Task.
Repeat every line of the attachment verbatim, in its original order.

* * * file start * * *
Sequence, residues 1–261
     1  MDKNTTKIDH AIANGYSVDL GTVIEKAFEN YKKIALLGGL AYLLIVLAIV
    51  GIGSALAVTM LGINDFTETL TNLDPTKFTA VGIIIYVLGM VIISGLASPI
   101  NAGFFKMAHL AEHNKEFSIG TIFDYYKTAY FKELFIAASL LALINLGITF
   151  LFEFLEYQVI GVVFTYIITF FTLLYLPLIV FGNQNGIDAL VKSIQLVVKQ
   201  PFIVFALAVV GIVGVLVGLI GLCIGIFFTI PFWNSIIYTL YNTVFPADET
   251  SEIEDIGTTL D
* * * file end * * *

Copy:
Sequence, residues 1–261
     1  MDKNTTKIDH AIANGYSVDL GTVIEKAFEN YKKIALLGGL AYLLIVLAIV
    51  GIGSALAVTM LGINDFTETL TNLDPTKFTA VGIIIYVLGM VIISGLASPI
   101  NAGFFKMAHL AEHNKEFSIG TIFDYYKTAY FKELFIAASL LALINLGITF
   151  LFEFLEYQVI GVVFTYIITF FTLLYLPLIV FGNQNGIDAL VKSIQLVVKQ
   201  PFIVFALAVV GIVGVLVGLI GLCIGIFFTI PFWNSIIYTL YNTVFPADET
   251  SEIEDIGTTL D